CORE takes a more sophisticated approach, tracking individual students’ scores and comparing the results with the average growth in scores by students with similar family income, race and ethnicity – a method known as value-added. The Smarter Balanced tests were designed to allow growth comparisons, and many states do some version of it. The state board says it too will consider this approach. But it will have several methods by which to calculate student growth, and CORE says the state can learn from its data on how to proceed.
Readiness for high school: Because students’ transition to high school is critical for future success, CORE looks at 9th-graders’ grades and rates of attendance and suspension – information that schools and districts can use to provide extra help. The state dashboard doesn’t include this indicator.
Social and emotional learning: Through surveys, CORE asks students to evaluate themselves as learners: to what extent they believe they can improve, stay on task and empathize with others, and then compare the results with surveys on school climate. This is a new and controversial area of school accountability, and the state board has given no indication it’s interested in similar measures at this point.
The California School Boards Association and several prominent education leaders support giving CORE an “innovation zone” status: Linda Darling-Hammond, president and CEO of the Palo Alto–based Learning Policy Institute; Marshall “Mike” Smith, deputy secretary of education in the Clinton administration; and Dave Gordon, superintendent of the Sacramento County Office of Education, whose 13 districts with 240,000 students have joined the CORE data collaborative.
The state process in deciding to collect additional student data is cumbersome, while the CORE districts have more flexibility and can be “more nimble,” Gordon said in an interview. “Experimentation with data should be encouraged. I see no down sides in the state working hand in hand with CORE.”
CORE envisions a hybrid system of accountability, in which members’ districts would be measured by all of the elements in the state dashboard, and additionally use its own metrics, like social and emotional learning indicators. One possibility, Steinhauser suggested, is to use the CORE metrics to refine the potential list of the 5 percent of schools that are lowest-performing and in need of state help. A PACE analysis found that while there was much overlap in choosing poorly performing schools in math and English language arts, CORE’s student growth methodology selected schools that the state didn’t choose and vice versa.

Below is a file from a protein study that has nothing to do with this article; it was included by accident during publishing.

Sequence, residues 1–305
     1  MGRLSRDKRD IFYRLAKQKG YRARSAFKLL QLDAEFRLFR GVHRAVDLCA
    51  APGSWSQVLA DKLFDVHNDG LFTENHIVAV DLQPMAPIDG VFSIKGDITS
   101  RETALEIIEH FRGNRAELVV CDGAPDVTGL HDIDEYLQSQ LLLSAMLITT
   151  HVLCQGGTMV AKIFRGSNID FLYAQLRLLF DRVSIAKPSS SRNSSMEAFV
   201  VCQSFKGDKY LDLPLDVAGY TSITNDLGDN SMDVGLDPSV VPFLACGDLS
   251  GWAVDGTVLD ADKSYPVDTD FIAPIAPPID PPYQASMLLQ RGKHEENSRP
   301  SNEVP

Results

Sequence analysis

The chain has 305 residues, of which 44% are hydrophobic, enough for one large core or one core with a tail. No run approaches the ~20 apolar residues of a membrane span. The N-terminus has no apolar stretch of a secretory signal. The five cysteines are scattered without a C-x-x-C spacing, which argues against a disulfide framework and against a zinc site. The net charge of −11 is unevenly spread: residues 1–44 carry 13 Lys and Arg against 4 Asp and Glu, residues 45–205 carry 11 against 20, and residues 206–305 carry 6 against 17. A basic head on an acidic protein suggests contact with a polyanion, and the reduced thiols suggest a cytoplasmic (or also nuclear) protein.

The details of how an Innovation Zone would mesh with the dashboard would have to be worked out with the state board, Steinhauser said.
But in her May 26 letter, Stapf Walters said it was premature for the state board to decide on an Innovation Zone because the board has yet to determine how it will choose the lowest-performing 5 percent of schools. Until the state board chooses the method, discussion about an Innovation Zone “may be unnecessary or different from CORE’s current proposal,” she wrote.
Stapf Walters also questioned whether an Innovation Zone would provide the state board with “reliable and useful” information. Since CORE itself has acknowledged that it isn’t certain it has picked the right measures of performance, it’s unclear what benefit CORE’s information would provide.
In an interview, Steinhauser said that the point of an Innovation Zone is to explore options without knowing ahead of time where they will lead. While he understands the board’s desire for a “safe” approach, since it must create a uniform accountability system for 1,000 districts, CORE will continue to “push the envelope” in pursuit of performance measures that best serve students.
He said that Long Beach will continue to use the CORE metrics, even if the board initially doesn’t include an Innovation Zone, but that he and other districts will be back with the request. He won’t give up, he said.
David Sapp, the state board’s deputy policy director and assistant legal counsel, said it’s still possible that the board could add the Innovation Zone in its final vote on the state plan in September, although he’s not predicting that. He declined to say whether Stapf Walters’ concerns reflected the views of Kirst, who sets board meeting agendas, and other board members.
Thanks for reading.
Can you help sustain our reporting?
Our team of journalists, editors, and fact-checkers do an estimated 440 hours of research every week to bring you the news on California education. That's a lot of work.
For a limited time, your contributions will be doubled through the NewsMatch matching gifts program.